E-mail: use, abuse and (effective) remedies
For several years now e-mail users have been complaining about the number of messages they receive, their poor quality and the length of time needed to answer them since the value of the information they contain is disproportionate to the time required to process them.
The proliferation of e-mail messages is not only connected to spamming and updates from social media. It is increasingly evident that there is something wrong with the way we use this tool.
Maybe for this reason there is a wide range of handbooks dealing with the correct use of the e-mail, mainly published by public institutions and private companies, providing information and advice on how to improve the use of this tool, both from an information technology and message handling point of view.
Few of these manuals propose alternative solutions to the e-mail to help people use them only when needed rather than indiscriminately.
Almost no one gives advice on how to plan and write messages; this is absurd, bearing in mind that the comprehensibility of messages depends largely on the quality and consequential logic of the text.
This is why Maxer has developed an instrument that addresses the various aspects of the e-mail. Using a significant sample of existing manuals as a benchmark, Tips for managing and writing e-mails suggests how to successfully manage e-mail messages in five chapters. Three in-depth sections present techniques for effectively defining the logical and linguistic aspects. A fourth and final section deals with alternatives to e-mail messages and suggests when to use them.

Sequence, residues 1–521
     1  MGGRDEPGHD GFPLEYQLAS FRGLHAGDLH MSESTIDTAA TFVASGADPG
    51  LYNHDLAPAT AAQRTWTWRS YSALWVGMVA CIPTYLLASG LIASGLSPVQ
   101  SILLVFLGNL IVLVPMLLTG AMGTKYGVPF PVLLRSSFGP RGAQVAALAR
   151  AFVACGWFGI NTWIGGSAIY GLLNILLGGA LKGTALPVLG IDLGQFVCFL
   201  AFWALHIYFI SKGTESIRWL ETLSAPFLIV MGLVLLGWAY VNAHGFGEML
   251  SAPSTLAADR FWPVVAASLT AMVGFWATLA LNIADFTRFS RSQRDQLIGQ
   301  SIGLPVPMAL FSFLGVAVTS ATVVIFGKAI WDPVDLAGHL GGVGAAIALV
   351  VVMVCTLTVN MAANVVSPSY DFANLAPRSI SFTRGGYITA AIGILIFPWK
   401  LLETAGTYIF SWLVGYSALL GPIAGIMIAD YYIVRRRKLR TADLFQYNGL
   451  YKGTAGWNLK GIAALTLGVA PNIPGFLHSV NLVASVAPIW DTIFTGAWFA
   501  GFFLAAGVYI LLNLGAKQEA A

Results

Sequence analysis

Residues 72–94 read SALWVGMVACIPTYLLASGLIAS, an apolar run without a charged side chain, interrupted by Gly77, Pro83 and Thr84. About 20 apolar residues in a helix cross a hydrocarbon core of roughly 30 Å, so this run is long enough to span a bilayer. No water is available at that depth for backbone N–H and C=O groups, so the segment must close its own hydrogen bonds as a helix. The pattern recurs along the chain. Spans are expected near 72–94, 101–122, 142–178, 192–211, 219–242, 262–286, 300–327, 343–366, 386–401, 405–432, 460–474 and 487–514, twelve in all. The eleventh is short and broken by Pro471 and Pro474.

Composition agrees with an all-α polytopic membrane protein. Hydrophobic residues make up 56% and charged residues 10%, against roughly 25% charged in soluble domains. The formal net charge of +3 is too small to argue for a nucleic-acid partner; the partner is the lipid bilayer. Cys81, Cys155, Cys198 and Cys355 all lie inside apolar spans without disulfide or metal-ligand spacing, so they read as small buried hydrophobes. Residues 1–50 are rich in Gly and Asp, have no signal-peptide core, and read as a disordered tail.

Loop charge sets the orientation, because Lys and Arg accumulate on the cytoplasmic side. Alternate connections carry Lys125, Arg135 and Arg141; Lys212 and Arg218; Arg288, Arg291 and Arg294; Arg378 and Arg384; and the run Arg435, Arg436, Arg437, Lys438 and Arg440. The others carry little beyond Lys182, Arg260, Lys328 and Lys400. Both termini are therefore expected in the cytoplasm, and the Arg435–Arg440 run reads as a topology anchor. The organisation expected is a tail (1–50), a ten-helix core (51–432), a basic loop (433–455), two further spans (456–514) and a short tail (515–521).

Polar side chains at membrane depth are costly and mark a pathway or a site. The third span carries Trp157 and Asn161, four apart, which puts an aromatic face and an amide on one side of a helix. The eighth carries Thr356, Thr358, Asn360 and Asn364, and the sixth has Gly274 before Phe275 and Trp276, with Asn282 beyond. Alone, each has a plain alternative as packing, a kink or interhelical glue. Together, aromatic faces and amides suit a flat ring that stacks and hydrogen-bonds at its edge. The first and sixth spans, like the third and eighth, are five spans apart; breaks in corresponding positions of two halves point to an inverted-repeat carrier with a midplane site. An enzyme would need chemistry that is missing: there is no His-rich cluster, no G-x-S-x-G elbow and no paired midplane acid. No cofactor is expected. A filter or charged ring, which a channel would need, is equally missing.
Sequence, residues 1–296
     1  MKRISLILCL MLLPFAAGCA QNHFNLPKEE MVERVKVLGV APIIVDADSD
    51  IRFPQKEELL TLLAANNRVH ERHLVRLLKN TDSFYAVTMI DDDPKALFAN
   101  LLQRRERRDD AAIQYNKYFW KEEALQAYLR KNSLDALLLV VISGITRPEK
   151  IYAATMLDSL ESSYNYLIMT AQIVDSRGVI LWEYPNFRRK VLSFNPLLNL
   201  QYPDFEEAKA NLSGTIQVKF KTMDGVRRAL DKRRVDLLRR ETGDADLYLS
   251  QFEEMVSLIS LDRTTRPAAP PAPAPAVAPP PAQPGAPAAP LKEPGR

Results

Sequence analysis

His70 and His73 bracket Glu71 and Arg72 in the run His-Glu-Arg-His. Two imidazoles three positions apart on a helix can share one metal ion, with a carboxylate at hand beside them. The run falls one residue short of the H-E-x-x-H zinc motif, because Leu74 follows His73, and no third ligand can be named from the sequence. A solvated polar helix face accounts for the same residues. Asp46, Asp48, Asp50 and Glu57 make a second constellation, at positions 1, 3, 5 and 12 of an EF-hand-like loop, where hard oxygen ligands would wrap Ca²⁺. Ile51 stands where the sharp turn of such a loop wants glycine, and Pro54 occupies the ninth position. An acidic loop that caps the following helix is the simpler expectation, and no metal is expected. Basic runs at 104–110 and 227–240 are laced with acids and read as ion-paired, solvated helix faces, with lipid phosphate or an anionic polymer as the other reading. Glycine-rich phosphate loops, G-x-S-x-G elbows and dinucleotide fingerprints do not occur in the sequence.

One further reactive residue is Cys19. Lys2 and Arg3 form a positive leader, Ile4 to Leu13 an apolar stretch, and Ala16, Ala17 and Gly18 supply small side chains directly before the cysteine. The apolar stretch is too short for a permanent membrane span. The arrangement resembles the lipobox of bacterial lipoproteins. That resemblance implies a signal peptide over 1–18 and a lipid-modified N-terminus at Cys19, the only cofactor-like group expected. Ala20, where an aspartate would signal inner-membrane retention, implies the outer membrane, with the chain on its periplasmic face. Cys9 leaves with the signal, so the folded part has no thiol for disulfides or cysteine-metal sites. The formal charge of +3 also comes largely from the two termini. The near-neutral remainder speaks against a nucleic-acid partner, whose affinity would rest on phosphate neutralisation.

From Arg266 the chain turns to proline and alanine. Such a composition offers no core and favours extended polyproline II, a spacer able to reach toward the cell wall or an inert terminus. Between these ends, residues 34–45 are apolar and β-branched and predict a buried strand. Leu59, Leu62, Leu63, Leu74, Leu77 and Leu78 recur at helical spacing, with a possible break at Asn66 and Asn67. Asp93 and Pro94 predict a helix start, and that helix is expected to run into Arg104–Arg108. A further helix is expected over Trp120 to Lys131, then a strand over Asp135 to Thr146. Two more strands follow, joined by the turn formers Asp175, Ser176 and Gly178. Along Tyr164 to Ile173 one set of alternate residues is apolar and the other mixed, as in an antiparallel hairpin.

- An e-mail never substitutes the value of the human relationship
- Useless e-mails are time-wasting and cause mistakes
- An e-mail requires the same attention as any other written text
- Handling, storage and protection of e-mail messages
- E-mail: heavy, light or compressed?
- Section 1: The requirements of an e-mail
- Section 2: How to plan an e-mail
- Section 3: How to write an e-mail
- Section 4: Alternatives to e-mails.
The handbook is part of a continuous improvement programme for corporate communication and quickly generates real benefits that can easily be assessed. However, it can also be used as a tool in itself, creating an immediate improvement in e-mail quality.
Tips for managing and writing e-mails is a powerful tool to once and for all address and resolve the e-mail overload of which we are both victims and, unintentionally, the cause.
 Bregman P, Coping with Email Overload, Harvard Business Review (http://blogs.hbr.org/bregman/2012/04/coping-with-email-overload.html)